You know things have gone wrong in the culture of America when former President Barack Obama manages to offend the far-left, ultra-woke crowd. After the former president gave a speech at an Obama Foundation event in which he made some surprising comments about cancel culture, many on the far left took him to task.
The New York Times published a piece by journalist Ernest Owens titled: “Obama’s Very Boomer View of ‘Cancel Culture.’” In this article, Owens outlined the reasons the former president was off base. After a closer look, however, Owens’ arguments don’t quite stand up to scrutiny.
Obama Blasts Cancel Culture
When Obama gave his speech, he made some pointed remarks about cancel culture – the phenomenon in which social media mobs target certain people for comments the progressive left deems offensive. It has become a social media two-for-one deal: You can punish people you don’t like while showing your friends and followers how virtuous you are.
Obama cautioned the young audience against embracing cancel culture: “This idea of purity and you’re never compromised and you’re always politically ‘woke’ and all that stuff,” he said. “You should get over that quickly.”
The former president then explained that people who become targets of cancel culture aren’t necessarily evil. “The world is messy; there are ambiguities,” he said. “People who do really good stuff have flaws. People who you are fighting may love their kids and share certain things with you.”
He then gave a fictional scenario in which cancel culture plays a part. “Like, if I tweet or hashtag about how you didn’t do something right or used the wrong verb, then I can sit back and feel pretty good about myself ‘cause ‘Man, you see how woke I was, I called you out.’”
“That’s not activism,” he continued. “That’s not bringing about change. If all you’re doing is casting stones, you’re probably not going to get that far. That’s easy to do.”
Obama’s comments were lauded by people on both the left and the right, but, as usual, the “woke” crowd didn’t appreciate his remarks.
Obama’s “Boomer View” of Cancel Culture
In his article, Owens starts by claiming Obama’s criticism of cancel culture was “misguided” but, interestingly, he begins to lay out a definition for the term that might not be all that accurate:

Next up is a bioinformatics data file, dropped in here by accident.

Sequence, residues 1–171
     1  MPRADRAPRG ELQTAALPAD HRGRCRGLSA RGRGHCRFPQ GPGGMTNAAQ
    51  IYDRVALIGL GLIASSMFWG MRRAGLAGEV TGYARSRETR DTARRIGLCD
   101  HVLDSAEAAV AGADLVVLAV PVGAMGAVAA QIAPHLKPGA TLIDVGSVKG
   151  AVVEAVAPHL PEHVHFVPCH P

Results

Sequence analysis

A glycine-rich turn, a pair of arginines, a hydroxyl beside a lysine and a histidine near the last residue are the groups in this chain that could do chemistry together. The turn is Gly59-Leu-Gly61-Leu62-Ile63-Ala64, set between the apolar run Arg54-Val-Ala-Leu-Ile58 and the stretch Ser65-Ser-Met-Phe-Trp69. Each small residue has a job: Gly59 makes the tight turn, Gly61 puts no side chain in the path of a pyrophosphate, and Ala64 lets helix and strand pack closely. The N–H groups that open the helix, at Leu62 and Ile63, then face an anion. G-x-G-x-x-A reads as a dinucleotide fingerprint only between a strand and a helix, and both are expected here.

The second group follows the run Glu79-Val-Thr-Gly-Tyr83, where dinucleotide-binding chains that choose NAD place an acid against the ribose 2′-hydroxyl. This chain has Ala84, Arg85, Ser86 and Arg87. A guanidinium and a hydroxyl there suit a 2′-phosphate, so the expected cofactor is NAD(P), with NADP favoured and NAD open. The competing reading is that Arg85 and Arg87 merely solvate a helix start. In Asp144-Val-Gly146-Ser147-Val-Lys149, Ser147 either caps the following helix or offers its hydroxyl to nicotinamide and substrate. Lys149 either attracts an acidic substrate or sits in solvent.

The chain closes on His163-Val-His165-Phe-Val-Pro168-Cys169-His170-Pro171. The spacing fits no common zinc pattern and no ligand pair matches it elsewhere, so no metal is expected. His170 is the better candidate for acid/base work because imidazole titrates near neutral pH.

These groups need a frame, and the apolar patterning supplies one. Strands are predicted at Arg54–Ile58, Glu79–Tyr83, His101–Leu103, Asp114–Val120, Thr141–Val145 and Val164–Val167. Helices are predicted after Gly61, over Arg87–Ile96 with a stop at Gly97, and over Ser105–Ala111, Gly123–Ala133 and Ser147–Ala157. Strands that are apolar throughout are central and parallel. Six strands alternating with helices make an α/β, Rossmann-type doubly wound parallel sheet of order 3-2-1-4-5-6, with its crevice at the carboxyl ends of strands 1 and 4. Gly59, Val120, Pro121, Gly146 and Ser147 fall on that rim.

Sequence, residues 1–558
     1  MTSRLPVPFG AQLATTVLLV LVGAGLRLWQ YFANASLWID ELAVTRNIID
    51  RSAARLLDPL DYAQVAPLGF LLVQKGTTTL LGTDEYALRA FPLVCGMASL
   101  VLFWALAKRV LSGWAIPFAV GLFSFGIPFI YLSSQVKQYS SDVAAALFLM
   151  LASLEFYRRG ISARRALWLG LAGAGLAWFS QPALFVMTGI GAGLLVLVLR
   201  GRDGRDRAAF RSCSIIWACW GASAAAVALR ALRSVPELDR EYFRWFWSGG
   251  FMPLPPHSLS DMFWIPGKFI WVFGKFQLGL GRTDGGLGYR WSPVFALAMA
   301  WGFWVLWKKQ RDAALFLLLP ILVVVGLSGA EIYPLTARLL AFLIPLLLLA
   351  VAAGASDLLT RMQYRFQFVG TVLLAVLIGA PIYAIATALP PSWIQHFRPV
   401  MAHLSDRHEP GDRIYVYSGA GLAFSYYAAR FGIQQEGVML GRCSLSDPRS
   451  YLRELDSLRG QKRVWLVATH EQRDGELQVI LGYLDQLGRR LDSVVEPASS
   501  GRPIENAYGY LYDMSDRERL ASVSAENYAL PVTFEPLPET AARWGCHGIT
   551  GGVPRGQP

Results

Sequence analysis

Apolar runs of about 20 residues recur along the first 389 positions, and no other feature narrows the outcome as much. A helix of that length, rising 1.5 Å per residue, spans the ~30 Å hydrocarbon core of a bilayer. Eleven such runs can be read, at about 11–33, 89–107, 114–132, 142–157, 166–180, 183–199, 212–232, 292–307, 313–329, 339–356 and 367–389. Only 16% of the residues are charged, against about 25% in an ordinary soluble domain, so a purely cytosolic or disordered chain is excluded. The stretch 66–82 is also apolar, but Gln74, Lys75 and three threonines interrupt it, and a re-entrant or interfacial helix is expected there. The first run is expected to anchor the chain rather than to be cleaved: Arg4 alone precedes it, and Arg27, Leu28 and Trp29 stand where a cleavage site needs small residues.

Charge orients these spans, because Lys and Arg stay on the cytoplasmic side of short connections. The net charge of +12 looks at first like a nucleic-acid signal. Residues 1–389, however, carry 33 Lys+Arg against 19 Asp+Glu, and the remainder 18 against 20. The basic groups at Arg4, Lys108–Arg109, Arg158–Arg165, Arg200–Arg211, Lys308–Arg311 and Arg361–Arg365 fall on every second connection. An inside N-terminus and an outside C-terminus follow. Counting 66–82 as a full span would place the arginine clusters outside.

“But the former president’s disdain for the kind of criticism that has become popular to dismiss as ‘cancel culture’ (which is a term that, as Osita Nwanevu wrote for the New Republic, ‘seems to describe the phenomenon of being criticized by multiple people — often but not exclusively on the internet. Neither the number of critics, the severity of the criticism, nor the extent of the actual fallout from it seem particularly important’) is misguided.”
By defining cancel culture as something that merely involves a bunch of people criticizing an individual online, Owens and others are making this phenomenon appear to be benign – merely a way to express one’s views. Maybe even a way to affect positive change. However, there is far more to cancel culture than Owens is letting on.
The author later describes his experience with and motivations for engaging in cancel culture. “As a millennial who has participated in using digital platforms to critique powerful people for promoting bigotry or harming others, I can assure you it wasn’t because they had ‘different opinions,’” Owens writes. “It was because they were spreading the kinds of ideas that contribute to the marginalization of people like me and those I care about.”
Owens has gone after various figures on social media. In the piece, he mentions a few of the people he believed to be worth canceling: